At Laurier, Between the Klondike, London and Washington

Laurier. Orange Line. Opened 1966.
Laurier. Orange Line. Opened 1966.

In 1896, the year Wilfred Laurier became Prime Minister, Canada didn’t have a foreign policy. There was no need; most English speakers rejoiced in being imperial subjects and thought of themselves as British and while French Canadians felt no love for the empire, they were content for their imperial masters to respond to the threat of U.S. annexation.

In 1897, three events occurred which would make a foreign policy essential. On the west coast, hundreds of thousands of prospectors headed north into U.S held Alaska and the Canadian held Yukon in the Klondike Gold Rush. In London, the Colonial Conference between Britain and its most developed colonies, Canada at their head, celebrated the Diamond Jubilee of Queen Victoria and discussed the future shape of the empire. In Berlin, German politicians demanded a place in the sun equal to Britain and France under the welt-politick of Wilhelm II. The first of these is the most closest to home and makes the need for a Canadian foreign policy most obvious.

The United States had bought Alaska from Russia in 1867, months before Confederation in Canada. The two events meant the U.S. and Canada inherited a border dispute between Russia and the Hudson Bay Company, which for the sake of a few million square miles of frozen ice could largely be ignored in favour of post-Civil War reconstruction and breaking in Canadian constitution. The discovery of gold and the arrival of thousands of prospectors changed this. Inconveniently for all concerned, the disputed territory included the Lynne Canal, a 140 kilometer fjord, and the main access to the trails into the Yukon.

To resolve the question a tribunal of six judges was established, 3 from the U.S., 2 from Canada, and 1 from Britain, but even to Laurier the U.S. case seemed solid. History and the politics meant that Canada didn’t stand a chance. Most of the maps of the time placed the Canal in U.S. territory. Further, it was U.S. citizens who were settling there and controlled it militarily, a point underscored by John Hay, Theodore Roosevelt’s Secretary of State, who talked hard and waved a big stick:

The land in question is ours … It was held by Russia in accordance with treaty from 1825 to 1867, and has been ours ever since. We shall never think of giving it up. No administration could abandon it and live a minute.

With threats like Hays’ the outcome was predictable: the British would not risk a war with the United States. All Laurier could hope for was a split in the tribunal from which he could extract concessions.

As the tribunal was reaching its conclusions in 1903, it appeared to Clifford Sifton that the British judge, Lord Alverston was siding with the Americans. Laurier instructed Sifton to threaten that “If we are thrown over by the Chief Justice [Alverston], he will give the last blow to British diplomacy in Canada.” He was right: Alverston sided with the Americans, there could be no concessions, and in English Canada the decision was viewed as nothing less than a betrayal of the British by the British:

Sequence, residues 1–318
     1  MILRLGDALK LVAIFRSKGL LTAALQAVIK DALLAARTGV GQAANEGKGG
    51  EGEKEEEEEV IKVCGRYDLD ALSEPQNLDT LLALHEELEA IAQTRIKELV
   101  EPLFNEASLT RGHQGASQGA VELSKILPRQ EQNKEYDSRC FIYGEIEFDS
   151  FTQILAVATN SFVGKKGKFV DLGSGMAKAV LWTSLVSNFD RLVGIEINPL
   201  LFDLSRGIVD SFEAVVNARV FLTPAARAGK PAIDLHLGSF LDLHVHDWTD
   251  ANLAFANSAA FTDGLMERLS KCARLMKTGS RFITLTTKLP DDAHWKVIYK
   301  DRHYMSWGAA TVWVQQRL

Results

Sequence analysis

Nothing is surer than that Canada has suffered incalculable loss and despoilment through the dealings of British diplomatists with Canadian interests and Canadian territory.

– Toronto News

The feeling is strongest in those who stand firmer than ever against annexation, and who are not disposed towards independence. Because they are “Sons of the Blood” they resent injustice, even from the British.

– Toronto Globe

Speaking in the House of Commons, Laurier expressed his frustration:

I have often regretted that while they [the U.S.] are a great and powerful nation, we are only a small colony, a growing colony but still a colony … I have often regretted also that we have not in our hands the treaty making powers which would enable us to dispose of our own affairs …. So long as Canada remains a dependency of the British Crown the present powers that we have are not sufficient for the maintenance of our rights. It is important that if ever we have to deal with matters of a similar nature again we shall deal with them in our own way, in our own fashion, according to the best light that we have.

Had Canada such powers, it is doubtful that the Canadian border with Alaska would look any different. “According to the best light”, Canada could not have responded to Hay’s threats militarily, but in small steps Laurier got his way. He found a surprising ally in Washington. Overwhelmed by the volume of cross border correspondence, James Bryce, the British ambassador to the U.S., suggested in 1908 that Canada needed “a sort of Foreign Office.” In 1909 Laurier created a small Department of External Affairs in 1909, two years after Canada had independently negotiated its first treaty, with Japan over immigration.

Yet for all the assistance of Bryce, Canada’s greatest foreign policy difficulty came not from Washington, but from London. The empire had become too vast and too rich to be defended by Britain alone. That might mean greater autonomy for Canada, but it also meant demands of money and soldiers that might tear it apart.

Consulted for this post

André Pratte, Wilfrid Laurier. Trans. Phyllis Aaronoff and Howard Scott. Toronto: Penguin Books, 2011

Peter Waite. “Between Three Oceans”. Illustrated History of Canada. Toronto: Key Porter, 2002

“A Sort of Foreign Office, 1909-39”. Foreign Affairs and International Trade Canada. Ottawa: Government of Canada, 2011.

For more about life in the Klondike, take a look at this great post on Bite Size Canada about the racketter Soapy Smith .

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